Crowds of protesters who flocked to the Wisconsin state Capitol June 14 anticipating Assembly action on the divisive collective bargaining bill, which essentially eliminates collective bargaining for public workers, were shocked to learn the Supreme Court had reinstated the law in a hotly contested 4-3 decision.
Speakers at a planned 5:00 p.m. rally were quick to lift the faltering spirits of the Wisconsin Democracy Movement. Mahlon Mitchell, president of the Professional Fire Fighters of Wisconsin, told the crowd of thousands, "We're going to be here every day. We didn't pick this fight, but if it's a fight they want, it's a fight they're going to get."
Mary Bell, a middle school English teacher from Wisconsin Rapids serving as president of the Wisconsin Education Association Council, urged protestors to hold Republican legislators accountable for their actions by voting in various recall elections across the state.
"This extreme agenda has to be seen for what it is and what it does to our Wisconsin values. Change begins when we stand up and speak out for what we believe in," Bell said.
Republicans Signal Approaching Court Ruling, File Fake Candidates
The 4-3 ruling reflected the sharp conservative-liberal divide that many believed would determine the outcome of the Court's decision. In her dissent, Chief Justice Shirley Abrahamson attacked the implicit "partisan slant" in Justice Prosser's concurrence and the shaky rhetorical foundation of the majority opinion.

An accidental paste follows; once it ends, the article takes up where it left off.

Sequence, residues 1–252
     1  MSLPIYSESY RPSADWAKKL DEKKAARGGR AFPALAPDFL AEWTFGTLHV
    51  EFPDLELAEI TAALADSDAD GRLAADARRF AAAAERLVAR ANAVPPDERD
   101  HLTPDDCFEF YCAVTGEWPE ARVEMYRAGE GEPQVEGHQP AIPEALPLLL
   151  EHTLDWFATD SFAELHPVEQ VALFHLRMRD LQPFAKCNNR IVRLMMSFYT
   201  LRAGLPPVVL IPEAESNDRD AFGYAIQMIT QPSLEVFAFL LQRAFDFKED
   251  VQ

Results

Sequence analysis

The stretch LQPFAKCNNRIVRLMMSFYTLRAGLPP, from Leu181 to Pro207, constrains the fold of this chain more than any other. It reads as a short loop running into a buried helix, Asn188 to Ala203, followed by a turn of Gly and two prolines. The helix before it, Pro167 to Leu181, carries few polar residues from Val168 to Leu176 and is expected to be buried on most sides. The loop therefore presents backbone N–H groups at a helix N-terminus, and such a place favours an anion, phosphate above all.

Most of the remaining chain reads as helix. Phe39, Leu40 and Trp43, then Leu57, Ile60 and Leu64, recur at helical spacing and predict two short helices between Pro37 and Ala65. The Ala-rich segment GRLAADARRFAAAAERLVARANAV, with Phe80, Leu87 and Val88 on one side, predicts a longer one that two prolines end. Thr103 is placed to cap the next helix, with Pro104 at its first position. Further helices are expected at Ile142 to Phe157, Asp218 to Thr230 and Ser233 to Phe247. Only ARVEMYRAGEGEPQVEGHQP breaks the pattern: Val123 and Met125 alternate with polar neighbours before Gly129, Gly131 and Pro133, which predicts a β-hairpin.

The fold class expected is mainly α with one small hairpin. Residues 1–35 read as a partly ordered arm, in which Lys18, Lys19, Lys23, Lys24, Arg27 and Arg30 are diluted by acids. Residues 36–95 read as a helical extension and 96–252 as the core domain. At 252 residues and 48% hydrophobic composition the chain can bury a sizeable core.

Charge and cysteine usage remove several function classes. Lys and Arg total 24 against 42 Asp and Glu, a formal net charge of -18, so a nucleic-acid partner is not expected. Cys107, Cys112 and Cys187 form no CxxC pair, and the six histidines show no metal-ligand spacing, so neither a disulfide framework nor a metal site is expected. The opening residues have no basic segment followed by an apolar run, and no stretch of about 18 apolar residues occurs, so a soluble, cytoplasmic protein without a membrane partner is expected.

In hastily reaching judgment, Justice Patience D. Roggensack, Justice Annette K. Ziegler, and Justice Michael J. Gableman author an order, joined by Justice David T. Prosser, lacking a reasoned, transparent analysis and incorporating numerous errors of law and fact," wrote Abrahamson. "This kind of order seems to open the court unnecessarily to the charge that the majority has reached a pre-determined conclusion not based on the facts and the law, which undermines the majority's ultimate decision."
The timing of the decision surprised those who had been keeping an eye on collective bargaining proceedings. Assembly Speaker Jeff Fitzgerald announced just yesterday that comittee hearings would be held Tuesday on the collective bargaining proposal, and that his Republican caucus was prepared to vote on it regardless of a Supreme Court decision. The hearings were delayed several times throughout the day, raising a few eyebrows at the Capitol despite Fitzgerald's categorical denial of any wrongdoing or insider information.
Some protesters did in fact speculate that not all is as it seems.
"The way they passed the budget bill initially was wrong, and the fact they did this behind closed doors is wrong," said Sarah Fuelleman, a writer at the University of Wisconsin-Madison Department of Ophthalmology, adding, "I'm not a conspiracy theorist, but I'm starting to become one."
Lauren Schmidt, a 22-year-old home health care worker from Madison, didn't mince words.